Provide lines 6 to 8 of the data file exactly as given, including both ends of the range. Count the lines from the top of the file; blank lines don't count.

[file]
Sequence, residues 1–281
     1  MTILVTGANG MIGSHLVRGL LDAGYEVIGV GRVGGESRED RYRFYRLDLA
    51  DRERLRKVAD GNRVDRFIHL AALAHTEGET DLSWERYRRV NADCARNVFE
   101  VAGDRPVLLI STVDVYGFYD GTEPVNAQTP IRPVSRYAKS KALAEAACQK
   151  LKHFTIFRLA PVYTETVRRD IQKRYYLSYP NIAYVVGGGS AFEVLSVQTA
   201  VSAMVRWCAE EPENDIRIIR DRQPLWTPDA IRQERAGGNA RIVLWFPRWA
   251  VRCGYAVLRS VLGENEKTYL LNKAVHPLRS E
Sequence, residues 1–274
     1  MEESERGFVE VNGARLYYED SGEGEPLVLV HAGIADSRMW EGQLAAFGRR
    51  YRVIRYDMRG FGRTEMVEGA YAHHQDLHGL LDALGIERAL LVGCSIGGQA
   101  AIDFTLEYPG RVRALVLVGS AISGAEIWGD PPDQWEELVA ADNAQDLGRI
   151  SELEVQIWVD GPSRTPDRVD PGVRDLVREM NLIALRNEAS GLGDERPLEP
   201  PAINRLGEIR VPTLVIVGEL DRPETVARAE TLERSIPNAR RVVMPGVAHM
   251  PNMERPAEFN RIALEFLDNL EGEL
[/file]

   201  VSAMVRWCAE EPENDIRIIR DRQPLWTPDA IRQERAGGNA RIVLWFPRWA
   251  VRCGYAVLRS VLGENEKTYL LNKAVHPLRS E
Sequence, residues 1–274